• Ouyang KJ, Woo LL, Ellis NA. Homologous recombination and maintenance of genome integrity: cancer and aging through the prism of human RecQ helicases. Mech Ageing Dev. 2008;129:425–440. doi: 10.1016/j.mad.2008.03.003. [PubMed]
  • Park SJ, Lee YJ, Beck BD, Lee SH. A positive involvement of RecQL4 in UV-induced S-phase arrest. DNA Cell Biol. 2006;25:696–703. doi: 10.1089/dna.2006.25.696. [PubMed]
  • Pedrazzi G, Bachrati CZ, Selak N, Studer I, Petkovic M, Hickson ID, Jiricny J, Stagljar I. The Bloom’s syndrome helicase interacts directly with the human DNA mismatch repair protein hMSH6. Biol Chem. 2003;384:1155–1164. doi: 10.1515/BC.2003.128. [PubMed]
  • Petkovic M, Dietschy T, Freire R, Jiao R, Stagljar I. The human Rothmund-Thomson syndrome gene product, RECQL4, localizes to distinct nuclear foci that coincide with proteins involved in the maintenance of genome stability. J Cell Sci. 2005;118:4261–4269. doi: 10.1242/jcs.02556. [PubMed]
  • Pichierri P, Rosselli F. The DNA crosslink-induced S-phase checkpoint depends on ATR-CHK1 and ATRNBS1-FANCD2 pathways. EMBO J. 2004;23:1178–1187. doi: 10.1038/sj.emboj.7600113. [PubMed]
  • Pichierri P, Franchitto A, Mosesso P, Palitti F. Werner’s syndrome cell lines are hypersensitive to camptothecin-induced chromosomal damage. Mutat Res. 2000;456:45–57. doi: 10.1016/S0027-5107(00)00109-3. [PubMed]
  • Pichierri P, Franchitto A, Mosesso P, Palitti F. Werner’s syndrome protein is required for correct recovery after replication arrest and DNA damage induced in S-phase of cell cycle. Mol Biol Cell. 2001;12:2412–2421. [PMC free article] [PubMed]
  • Pichierri P, Rosselli F, Franchitto A. Werner’s syndrome protein is phosphorylated in an ATR/ATM-dependent manner following replication arrest and DNA damage induced during the S phase of the cell cycle. Oncogene. 2003;22:1491–1500. doi: 10.1038/sj.onc.1206169. [PubMed]
  • Poot M, Gollahon KA, Rabinovitch PS. Werner syndrome lymphoblastoid cells are sensitive to camptothecininduced apoptosis in S-phase. Hum Genet. 1999;104:10–14. doi: 10.1007/s004390050903. [PubMed]
  • Poot M, Yom JS, Whang SH, Kato JT, Gollahon KA, Rabinovitch PS. Werner syndrome cells are sensitive to DNA cross-linking drugs. FASEB J. 2001;15:1224–1226. [PubMed]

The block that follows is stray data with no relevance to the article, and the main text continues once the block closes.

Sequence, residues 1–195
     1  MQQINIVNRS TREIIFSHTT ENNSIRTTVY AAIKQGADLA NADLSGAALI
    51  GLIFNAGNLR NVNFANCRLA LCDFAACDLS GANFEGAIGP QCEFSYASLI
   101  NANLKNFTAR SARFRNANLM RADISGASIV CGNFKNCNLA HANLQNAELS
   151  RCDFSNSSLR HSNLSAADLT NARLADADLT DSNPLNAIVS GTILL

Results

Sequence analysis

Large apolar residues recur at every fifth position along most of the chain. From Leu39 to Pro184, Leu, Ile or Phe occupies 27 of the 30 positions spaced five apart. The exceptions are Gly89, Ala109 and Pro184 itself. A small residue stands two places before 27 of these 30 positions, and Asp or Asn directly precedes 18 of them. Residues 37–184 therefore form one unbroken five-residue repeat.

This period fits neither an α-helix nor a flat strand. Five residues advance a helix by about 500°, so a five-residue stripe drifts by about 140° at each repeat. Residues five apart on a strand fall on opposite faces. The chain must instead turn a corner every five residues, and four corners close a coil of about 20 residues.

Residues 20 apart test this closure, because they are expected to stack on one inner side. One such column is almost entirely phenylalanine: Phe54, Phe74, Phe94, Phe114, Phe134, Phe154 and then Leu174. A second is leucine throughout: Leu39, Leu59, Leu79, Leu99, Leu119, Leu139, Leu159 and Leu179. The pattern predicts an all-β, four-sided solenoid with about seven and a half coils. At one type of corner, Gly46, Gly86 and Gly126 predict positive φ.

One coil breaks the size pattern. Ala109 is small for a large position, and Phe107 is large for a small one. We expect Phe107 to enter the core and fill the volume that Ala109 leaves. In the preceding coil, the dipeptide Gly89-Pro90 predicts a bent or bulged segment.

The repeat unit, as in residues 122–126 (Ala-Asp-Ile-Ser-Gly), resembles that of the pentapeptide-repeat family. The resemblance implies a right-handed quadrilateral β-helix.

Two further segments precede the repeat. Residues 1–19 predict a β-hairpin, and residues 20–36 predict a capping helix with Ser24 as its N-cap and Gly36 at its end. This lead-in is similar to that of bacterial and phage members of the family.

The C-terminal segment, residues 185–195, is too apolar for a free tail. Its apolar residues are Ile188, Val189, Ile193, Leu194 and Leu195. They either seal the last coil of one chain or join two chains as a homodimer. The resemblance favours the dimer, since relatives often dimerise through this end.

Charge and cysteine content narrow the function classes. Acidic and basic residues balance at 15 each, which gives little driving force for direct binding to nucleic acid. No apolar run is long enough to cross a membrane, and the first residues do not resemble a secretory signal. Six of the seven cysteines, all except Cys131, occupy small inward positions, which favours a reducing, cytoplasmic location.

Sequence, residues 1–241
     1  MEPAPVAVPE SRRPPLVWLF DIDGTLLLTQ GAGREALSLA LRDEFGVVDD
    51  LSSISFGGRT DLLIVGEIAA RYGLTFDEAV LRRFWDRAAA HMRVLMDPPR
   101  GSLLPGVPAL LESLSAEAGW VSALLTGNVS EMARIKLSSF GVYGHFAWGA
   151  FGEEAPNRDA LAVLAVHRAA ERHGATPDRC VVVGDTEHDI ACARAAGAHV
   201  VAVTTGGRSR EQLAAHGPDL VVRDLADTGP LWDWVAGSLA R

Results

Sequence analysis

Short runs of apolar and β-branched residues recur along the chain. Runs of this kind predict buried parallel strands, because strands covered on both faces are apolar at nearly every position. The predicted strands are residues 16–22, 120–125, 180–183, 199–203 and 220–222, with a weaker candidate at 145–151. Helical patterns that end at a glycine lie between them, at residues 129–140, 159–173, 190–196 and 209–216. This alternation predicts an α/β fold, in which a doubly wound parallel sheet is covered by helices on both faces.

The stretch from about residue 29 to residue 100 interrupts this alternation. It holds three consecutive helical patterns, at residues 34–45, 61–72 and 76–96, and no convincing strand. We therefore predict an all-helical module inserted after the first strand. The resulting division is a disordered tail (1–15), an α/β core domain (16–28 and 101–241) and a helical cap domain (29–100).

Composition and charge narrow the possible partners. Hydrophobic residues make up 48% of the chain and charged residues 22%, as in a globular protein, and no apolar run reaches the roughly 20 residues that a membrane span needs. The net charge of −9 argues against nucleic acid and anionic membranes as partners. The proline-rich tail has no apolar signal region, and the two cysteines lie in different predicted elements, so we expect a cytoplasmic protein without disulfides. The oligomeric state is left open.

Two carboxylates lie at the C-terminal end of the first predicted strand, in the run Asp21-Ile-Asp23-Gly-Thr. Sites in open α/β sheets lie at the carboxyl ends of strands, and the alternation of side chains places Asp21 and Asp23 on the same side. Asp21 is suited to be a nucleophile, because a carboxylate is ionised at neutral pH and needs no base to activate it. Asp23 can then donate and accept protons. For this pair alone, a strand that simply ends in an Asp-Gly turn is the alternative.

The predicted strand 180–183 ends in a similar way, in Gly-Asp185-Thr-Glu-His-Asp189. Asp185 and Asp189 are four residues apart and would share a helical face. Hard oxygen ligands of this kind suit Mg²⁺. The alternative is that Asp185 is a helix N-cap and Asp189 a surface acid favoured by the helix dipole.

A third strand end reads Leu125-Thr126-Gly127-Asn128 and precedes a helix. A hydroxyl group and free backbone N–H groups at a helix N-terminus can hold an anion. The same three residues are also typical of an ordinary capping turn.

• Poot M, Gollahon KA, Emond MJ, Silber JR, Rabinovitch PS. Werner syndrome diploid fibroblasts are sensitive to 4-nitroquinoline-N-oxide and 8-methoxypsoralen: implications for the disease phenotype. FASEB J. 2002;16:757–758. [PubMed]
  • Prince PR, Emond MJ, Monnat RJ., Jr Loss of Werner syndrome protein function promotes aberrant mitotic recombination. Genes Dev. 2001;15:933–938. doi: 10.1101/gad.877001. [PubMed]
  • Ralf C, Hickson ID, Wu L. The Bloom’s syndrome helicase can promote the regression of a model replication fork. J Biol Chem. 2006;281:22839–22846. doi: 10.1074/jbc.M604268200. [PubMed]
  • Raynard S, Bussen W, Sung P. A double Holliday junction dissolvasome comprising BLM, topoisomerase IIIalpha, and BLAP75. J Biol Chem. 2006;281:13861–13864. doi: 10.1074/jbc.C600051200. [PubMed]
  • Rodriguez-Lopez AM, Jackson DA, Iborra F, Cox LS. Asymmetry of DNA replication fork progression in Werner’s syndrome. Aging Cell. 2002;1:30–39. doi: 10.1046/j.1474-9728.2002.00002.x. [PubMed]
  • Rodriguez-Lopez AM, Whitby MC, Borer CM, Bachler MA, Cox LS. Correction of proliferation and drug sensitivity defects in the progeroid Werner’s syndrome by Holliday junction resolution. Rejuvenation Res. 2007;10:27–40. doi: 10.1089/rej.2006.0503. [PubMed]
  • Saintigny Y, Makienko K, Swanson C, Emond MJ, Monnat RJ., Jr Homologous recombination resolution defect in werner syndrome. Mol Cell Biol. 2002;22:6971–6978. doi: 10.1128/MCB.22.20.6971-6978.2002. [PMC free article] [PubMed]
  • Salk D, Au K, Hoehn H, Martin GM. Cytogenetic aspects of Werner syndrome. Adv Exp Med Biol. 1985;190:541–546. [PubMed]